Antiquity and Continuity of Indian History (Part 2)

            Antiquity and Continuity of Indian History : Part 2
                (From Swayambhuva Manu to Gupta Dynasty)

4. RgVedic Era
5. Swayambhuva Manu
6. Vedic Homeland

4. RgVedic Era

The RgVed is not a work of the original and the descendants of the
aryan nomads, but exhibits a great degree of philosophical thought
and advanced knowledge about astronomy. The RgVed, Samhitas and
other related Vedic literature have documented the seasons and
related changes occurring over a certain epoch in time.
Astronomical configurations are also chronicled. The evaluation of
these annals enable the determination of the periods when the
particular configurations occured. Examinations of the recent
archaeological findings also appear to support these datelines. 

The analysis of astronomical references in the Taiteriya Brahman
(3-1-15), where Brushaspati (Jupiter) crossed the Pushya
constellation, gives a date of 4650 B.C. The Aiteriya Brahmana
points to dates to the order of 6000 B.C. From the calculation of
the vernal equinox cycle, the Taiteriya Samhita provides dates that
reach as far as 22000 B.C (Ref: Vartak, Tilak).

In his book "Are the Gathas pre-vedic" H.S.Spencer quotes another
scholar stating that "Dhanista was the first of the naskshatras in
the Rgvedic times and this takes us back to 21788 B.C., at least,
to the origin of the Rgved." According to Dr. B.M. Sidhartha,
director of the Birla Science Center, "Rgved .. was a product of a
well-settled civilization going back to 8000 B.C. and beyond on the
basis of astronomical dating .. and supported by archaeological
excavations in south eastern Turkey... the more antique date of
10,000 B.C. proposed for RgVed or Vedic culture seemed more
plausible in view of the epi-paleolithic agricultural and proto-
agricultural civilizations going back to the same period ..." (TOI,
August 2, 1993). These datelines were already proposed by Tilak
when he says, " The Vedic hymns were sung in post-glacial times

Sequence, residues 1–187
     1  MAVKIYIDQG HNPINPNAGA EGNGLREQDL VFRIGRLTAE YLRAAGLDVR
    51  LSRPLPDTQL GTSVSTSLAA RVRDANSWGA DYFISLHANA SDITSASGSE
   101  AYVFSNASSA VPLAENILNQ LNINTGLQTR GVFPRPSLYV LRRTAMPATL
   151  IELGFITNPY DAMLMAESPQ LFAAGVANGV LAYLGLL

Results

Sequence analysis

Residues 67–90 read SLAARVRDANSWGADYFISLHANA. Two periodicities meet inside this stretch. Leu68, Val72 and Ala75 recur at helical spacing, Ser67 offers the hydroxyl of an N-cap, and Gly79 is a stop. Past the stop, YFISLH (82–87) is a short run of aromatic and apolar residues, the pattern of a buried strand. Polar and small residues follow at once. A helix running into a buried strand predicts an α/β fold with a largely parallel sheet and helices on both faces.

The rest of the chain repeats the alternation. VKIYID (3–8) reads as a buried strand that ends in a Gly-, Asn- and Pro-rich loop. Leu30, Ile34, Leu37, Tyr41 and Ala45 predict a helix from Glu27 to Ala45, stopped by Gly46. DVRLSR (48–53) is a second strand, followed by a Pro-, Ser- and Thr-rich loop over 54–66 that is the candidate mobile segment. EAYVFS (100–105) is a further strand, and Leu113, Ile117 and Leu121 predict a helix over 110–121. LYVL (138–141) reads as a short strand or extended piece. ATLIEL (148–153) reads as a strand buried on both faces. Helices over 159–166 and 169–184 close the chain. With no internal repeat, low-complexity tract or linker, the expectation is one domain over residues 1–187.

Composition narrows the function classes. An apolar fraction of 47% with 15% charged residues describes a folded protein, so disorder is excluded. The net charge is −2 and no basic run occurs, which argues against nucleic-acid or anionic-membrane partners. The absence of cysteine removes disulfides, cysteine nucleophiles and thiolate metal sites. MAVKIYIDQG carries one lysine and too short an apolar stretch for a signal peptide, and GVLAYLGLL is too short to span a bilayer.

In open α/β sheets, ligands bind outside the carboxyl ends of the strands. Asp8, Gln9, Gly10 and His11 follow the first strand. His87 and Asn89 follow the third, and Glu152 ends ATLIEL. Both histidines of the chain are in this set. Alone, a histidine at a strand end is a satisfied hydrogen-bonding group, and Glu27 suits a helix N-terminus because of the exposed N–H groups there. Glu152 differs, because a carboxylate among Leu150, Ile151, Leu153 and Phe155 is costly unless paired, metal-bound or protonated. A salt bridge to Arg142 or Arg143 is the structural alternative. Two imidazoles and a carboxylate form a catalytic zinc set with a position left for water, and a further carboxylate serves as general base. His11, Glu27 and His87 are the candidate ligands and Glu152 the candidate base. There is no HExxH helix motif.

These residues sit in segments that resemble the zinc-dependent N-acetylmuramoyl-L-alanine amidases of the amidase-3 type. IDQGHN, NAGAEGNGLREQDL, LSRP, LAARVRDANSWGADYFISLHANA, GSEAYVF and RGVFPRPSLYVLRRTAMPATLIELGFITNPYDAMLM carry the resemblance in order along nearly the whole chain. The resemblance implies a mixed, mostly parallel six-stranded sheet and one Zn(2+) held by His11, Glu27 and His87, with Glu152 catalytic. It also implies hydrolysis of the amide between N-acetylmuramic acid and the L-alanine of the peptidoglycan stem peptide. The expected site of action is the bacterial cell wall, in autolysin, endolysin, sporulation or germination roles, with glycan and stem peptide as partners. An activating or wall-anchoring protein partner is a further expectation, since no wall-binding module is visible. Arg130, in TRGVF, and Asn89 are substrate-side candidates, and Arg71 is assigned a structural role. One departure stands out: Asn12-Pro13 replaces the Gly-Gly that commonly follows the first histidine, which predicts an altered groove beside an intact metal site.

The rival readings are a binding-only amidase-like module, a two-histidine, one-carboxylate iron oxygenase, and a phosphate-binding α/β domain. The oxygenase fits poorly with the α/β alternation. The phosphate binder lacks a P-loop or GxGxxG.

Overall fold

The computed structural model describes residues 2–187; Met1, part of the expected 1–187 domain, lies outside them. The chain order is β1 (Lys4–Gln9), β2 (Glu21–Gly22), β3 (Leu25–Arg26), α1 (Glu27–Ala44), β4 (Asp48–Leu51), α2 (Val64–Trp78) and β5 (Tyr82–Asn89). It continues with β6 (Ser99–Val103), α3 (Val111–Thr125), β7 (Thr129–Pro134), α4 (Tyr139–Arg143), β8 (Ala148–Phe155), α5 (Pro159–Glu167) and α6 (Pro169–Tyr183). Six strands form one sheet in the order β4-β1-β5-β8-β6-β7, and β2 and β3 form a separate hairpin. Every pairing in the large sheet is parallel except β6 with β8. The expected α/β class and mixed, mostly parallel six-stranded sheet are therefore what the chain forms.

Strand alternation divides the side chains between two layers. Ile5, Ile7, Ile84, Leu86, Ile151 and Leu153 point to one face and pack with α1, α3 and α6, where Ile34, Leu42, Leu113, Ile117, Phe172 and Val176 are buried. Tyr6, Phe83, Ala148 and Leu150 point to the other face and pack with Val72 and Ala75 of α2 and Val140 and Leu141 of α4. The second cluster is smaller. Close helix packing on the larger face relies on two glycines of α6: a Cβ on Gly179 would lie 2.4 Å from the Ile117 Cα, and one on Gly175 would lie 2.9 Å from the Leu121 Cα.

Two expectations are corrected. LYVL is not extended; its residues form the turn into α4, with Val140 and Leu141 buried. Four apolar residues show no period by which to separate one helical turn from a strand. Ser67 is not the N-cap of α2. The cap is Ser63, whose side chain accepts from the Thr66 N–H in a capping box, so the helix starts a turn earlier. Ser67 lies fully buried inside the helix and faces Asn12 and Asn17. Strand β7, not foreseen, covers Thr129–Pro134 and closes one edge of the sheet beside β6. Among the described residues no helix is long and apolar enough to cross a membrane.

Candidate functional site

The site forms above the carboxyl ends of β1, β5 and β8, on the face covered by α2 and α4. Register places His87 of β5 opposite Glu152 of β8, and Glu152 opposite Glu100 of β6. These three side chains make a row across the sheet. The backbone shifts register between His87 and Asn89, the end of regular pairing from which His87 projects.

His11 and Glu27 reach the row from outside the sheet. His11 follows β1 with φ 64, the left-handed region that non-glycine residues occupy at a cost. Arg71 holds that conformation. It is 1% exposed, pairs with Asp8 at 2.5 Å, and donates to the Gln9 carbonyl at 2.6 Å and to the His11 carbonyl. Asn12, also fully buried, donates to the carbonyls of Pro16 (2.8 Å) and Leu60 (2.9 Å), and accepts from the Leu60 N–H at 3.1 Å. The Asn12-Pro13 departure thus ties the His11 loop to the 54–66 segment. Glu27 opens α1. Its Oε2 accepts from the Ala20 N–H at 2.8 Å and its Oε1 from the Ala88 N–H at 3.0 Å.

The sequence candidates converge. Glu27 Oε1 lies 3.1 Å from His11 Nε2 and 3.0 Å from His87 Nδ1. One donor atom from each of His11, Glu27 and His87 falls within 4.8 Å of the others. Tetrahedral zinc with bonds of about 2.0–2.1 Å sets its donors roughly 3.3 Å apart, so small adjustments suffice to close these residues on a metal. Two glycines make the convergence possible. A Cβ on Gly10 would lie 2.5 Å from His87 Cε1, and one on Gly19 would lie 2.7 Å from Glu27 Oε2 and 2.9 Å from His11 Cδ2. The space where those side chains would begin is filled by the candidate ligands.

(8000 B.C.) by poets who had inherited their knowledge or contents
thereof from their antediluvian forefathers". B.G. Tilak has done
some extraordinary work of deciphering the concealed astronomical
allusions in the ancient Vedic texts.

The geological discovery of the mighty Vedic river Sarasvati, which 
originally  flowed  somewhat parallel to Indus, dried up around
2000 B.C. Now the Rgved speaks of a mighty Sarasvati and it is in
much later literature that we hear of the disappearance of the
river. It is definitely known that the Veda are much older than the
Mahabharat period (3100 B.C.) This establishes that the Rgved
itself could not be later than the 4th millennium B.C. A paper
presenting technical evidence concerning a newly discovered bronze
idol states, " The life sized head has a hair style which the Vedas
describe as being unique to Vasishtha, one of the Rishis who
composed parts of Rig Veda ... Carbon 14 tests indicate that it was
cast around 3700 B.C., with an error in either direction of upto
800 years .. an age also confirmed by independent metallurgical
tests" (J. of Indo-European Studies, v.18, 1990, p.425-46). More
and more archaeological findings are coming forth that place the
Vedic age to remote antiquity.

An assessment of the Vedic literature thus provides a chronology of
events in steps of 2000 years, starting from the early period of
the RgVed (23,000 B.C.) upto the occurance of the Mahabharat War,
a period when Vedvyas compiled the scattered Vedic knowledge into
four parts. It is also worthy to note that the Indian history can
be traced continuously from 29,000 B.C., when the great law-giver
Swayambhuva Manu, flourished. 

5. Swayambhuva Manu

A majority of events available in the chronicles provide ages from
the beginning of the Kaliyug, and as such, fixing this date becomes
necessary. The precise moment for advent of the Kaliyug (3102 B.C)
has been reckoned based from references in the Mahabharat as well
as from the literature provided by Varahamihira, Kalhana, Arya
Bhatta, Vruddha Garga and also the Puranic annals. Count
Bijornstierna in his "The Theogony of Hindus", has aptly summarized
on the calculation of Kaliyug Thus, "According to the astronomical